Rider Weight and Height can cause Lameness

Not Own Photo, Unknown Source.

For the past few years Rider Weight has been a hot topic in the equine industry. In fact I have written several posts looking at factors which affect how much weight a horse can carry and what is a suitable weight for a horse to carry. An initial study this week has backed up what we already believed to be true by finding that heavier riders can cause lameness in horses.

In the study led by Sue Dyson from the Animal Health Trust consisted of 6 horses ridden in their usual tack by 4 riders of different weights in proportion to the horses body weight. During each ride the horses were examined on a number of factors including; gait, heart rate, respiratory rate and pain related behaviours.

The tests for Heavy and Very Heavy riders were ended early due to 5 of the 6 horses displaying temporary lameness and he 6th horse showing 10/24 pain related behaviours previously identified by Sue Dyson. None of the horses had lasting effects of being ridden by the heavier riders.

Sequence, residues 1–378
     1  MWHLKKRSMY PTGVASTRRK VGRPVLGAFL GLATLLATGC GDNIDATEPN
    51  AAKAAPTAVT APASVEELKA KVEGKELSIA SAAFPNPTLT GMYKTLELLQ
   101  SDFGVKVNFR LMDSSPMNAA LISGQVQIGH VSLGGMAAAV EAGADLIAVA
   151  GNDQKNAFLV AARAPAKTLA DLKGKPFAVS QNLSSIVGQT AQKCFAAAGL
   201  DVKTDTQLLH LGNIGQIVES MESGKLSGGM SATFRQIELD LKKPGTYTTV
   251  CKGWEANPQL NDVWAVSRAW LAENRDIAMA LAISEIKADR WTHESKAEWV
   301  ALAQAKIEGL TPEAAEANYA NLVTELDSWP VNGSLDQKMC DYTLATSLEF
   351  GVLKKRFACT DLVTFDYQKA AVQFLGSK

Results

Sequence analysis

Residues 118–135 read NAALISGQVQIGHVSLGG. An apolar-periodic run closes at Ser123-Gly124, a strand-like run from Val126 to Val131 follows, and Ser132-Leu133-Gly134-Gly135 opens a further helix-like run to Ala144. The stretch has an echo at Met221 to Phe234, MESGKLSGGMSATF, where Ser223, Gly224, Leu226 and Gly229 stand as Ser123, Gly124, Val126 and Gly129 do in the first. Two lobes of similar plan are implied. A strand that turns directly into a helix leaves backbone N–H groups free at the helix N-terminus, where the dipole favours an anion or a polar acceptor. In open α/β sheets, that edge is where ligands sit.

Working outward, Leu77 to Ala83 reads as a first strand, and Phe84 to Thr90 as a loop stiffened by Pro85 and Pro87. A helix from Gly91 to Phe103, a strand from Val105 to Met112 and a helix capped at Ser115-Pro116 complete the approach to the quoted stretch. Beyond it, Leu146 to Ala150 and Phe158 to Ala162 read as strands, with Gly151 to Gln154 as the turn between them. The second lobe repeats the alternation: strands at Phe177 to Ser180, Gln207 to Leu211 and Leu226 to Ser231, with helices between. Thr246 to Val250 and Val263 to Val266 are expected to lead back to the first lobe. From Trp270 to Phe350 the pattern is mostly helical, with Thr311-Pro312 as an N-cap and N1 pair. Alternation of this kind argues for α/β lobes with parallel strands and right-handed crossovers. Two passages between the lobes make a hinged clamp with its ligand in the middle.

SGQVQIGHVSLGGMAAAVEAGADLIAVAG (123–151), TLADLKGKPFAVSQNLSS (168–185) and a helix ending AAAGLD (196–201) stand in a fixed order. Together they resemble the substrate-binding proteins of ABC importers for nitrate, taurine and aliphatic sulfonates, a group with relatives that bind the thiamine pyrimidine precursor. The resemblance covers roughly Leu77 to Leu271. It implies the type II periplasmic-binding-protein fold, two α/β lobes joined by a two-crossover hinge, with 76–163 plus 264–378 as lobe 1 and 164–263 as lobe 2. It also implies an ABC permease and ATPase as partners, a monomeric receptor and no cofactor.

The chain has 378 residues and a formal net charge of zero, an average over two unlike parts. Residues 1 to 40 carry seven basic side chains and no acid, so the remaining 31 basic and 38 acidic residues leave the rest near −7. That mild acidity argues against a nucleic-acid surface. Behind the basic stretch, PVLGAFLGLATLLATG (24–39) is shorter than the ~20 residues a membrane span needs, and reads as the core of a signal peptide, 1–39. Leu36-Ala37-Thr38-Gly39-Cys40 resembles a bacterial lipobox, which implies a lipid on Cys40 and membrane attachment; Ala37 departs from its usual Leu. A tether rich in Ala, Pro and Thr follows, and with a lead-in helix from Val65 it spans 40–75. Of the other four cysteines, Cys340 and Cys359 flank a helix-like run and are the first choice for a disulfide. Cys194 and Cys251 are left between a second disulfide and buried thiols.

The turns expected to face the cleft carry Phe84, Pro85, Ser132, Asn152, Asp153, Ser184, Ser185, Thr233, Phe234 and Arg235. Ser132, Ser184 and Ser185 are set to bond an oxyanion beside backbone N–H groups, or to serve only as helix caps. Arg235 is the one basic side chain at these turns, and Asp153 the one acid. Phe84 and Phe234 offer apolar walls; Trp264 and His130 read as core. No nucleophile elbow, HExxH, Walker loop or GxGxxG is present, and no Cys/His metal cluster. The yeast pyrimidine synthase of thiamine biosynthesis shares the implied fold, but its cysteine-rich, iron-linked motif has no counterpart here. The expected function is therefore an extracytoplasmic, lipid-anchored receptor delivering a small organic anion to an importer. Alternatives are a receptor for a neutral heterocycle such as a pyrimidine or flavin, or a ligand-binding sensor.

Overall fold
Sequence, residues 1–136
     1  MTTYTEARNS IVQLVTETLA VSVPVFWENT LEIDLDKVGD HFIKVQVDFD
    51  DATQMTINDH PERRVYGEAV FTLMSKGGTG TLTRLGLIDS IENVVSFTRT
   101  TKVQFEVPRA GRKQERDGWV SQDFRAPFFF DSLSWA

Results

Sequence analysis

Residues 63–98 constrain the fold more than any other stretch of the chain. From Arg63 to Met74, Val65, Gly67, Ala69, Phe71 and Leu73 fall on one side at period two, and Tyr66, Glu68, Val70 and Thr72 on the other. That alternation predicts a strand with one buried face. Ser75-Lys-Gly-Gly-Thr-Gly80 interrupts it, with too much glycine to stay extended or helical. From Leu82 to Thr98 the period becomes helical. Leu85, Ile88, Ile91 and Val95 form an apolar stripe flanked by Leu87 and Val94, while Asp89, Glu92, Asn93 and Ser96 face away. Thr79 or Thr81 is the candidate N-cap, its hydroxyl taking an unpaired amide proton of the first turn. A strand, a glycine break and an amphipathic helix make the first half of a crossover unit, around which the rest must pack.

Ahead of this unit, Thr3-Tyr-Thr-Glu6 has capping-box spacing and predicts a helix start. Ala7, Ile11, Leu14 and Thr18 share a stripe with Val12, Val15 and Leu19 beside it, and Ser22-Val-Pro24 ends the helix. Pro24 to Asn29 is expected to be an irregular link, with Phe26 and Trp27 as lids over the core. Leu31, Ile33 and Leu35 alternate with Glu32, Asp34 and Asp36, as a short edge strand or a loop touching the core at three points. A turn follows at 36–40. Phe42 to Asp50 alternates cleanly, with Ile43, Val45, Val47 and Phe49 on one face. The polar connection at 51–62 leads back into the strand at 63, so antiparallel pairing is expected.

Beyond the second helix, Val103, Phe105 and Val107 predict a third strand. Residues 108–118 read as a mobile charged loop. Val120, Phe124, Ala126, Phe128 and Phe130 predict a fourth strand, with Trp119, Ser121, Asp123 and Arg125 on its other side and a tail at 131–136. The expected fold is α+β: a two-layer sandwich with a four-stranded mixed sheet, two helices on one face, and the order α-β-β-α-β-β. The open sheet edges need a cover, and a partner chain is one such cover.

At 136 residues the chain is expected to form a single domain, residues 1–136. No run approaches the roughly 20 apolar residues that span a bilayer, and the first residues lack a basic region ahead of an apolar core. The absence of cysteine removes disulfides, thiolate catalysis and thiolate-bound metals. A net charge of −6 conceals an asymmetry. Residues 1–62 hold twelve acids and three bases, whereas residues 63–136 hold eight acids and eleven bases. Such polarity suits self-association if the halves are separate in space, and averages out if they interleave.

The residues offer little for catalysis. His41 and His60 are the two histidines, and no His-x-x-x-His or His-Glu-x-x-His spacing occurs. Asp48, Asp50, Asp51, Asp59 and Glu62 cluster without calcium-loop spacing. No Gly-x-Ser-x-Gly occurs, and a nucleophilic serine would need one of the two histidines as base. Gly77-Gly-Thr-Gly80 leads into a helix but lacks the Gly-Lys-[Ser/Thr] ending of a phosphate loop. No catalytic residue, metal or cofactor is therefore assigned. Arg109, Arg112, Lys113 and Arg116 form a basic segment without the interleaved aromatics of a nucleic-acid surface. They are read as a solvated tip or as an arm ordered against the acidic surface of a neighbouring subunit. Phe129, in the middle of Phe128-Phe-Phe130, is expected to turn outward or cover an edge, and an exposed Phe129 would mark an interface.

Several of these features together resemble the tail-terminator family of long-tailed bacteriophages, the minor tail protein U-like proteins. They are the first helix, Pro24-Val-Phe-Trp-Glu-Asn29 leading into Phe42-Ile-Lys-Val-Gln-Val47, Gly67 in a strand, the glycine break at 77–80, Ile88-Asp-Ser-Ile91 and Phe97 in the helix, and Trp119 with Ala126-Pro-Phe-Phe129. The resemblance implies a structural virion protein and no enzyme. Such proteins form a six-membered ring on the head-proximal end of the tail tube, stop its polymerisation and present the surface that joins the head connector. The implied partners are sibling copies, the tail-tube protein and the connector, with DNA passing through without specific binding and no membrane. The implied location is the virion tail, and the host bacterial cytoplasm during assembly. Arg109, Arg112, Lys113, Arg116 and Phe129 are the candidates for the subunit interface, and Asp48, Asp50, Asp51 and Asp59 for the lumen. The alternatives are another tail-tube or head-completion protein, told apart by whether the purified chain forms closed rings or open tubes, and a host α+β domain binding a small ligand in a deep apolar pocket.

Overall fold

Interestingly, the study also suggested that height could affect how much a horse can carry, due to how the rider fits the saddle. One of the horses displayed discomfort when ridden by a test rider of a similar weight to his owner. The test rider was about a foot taller than the owner which caused them to sit back in the saddle, overloading the cantel and causing discomfort. So the importance of the saddle fitting the rider, as well as the horse, can also change how much weight a horse can carry.

This research is still a long way from proving the damage we believe a heavy rider can cause to a horse. However, the initial findings are very interesting and have raised more factors to look at in the future. But this should also be enough evidence to prove that the rider’s weight to horse’s weight ratio is very important and is something we should all be looking at.

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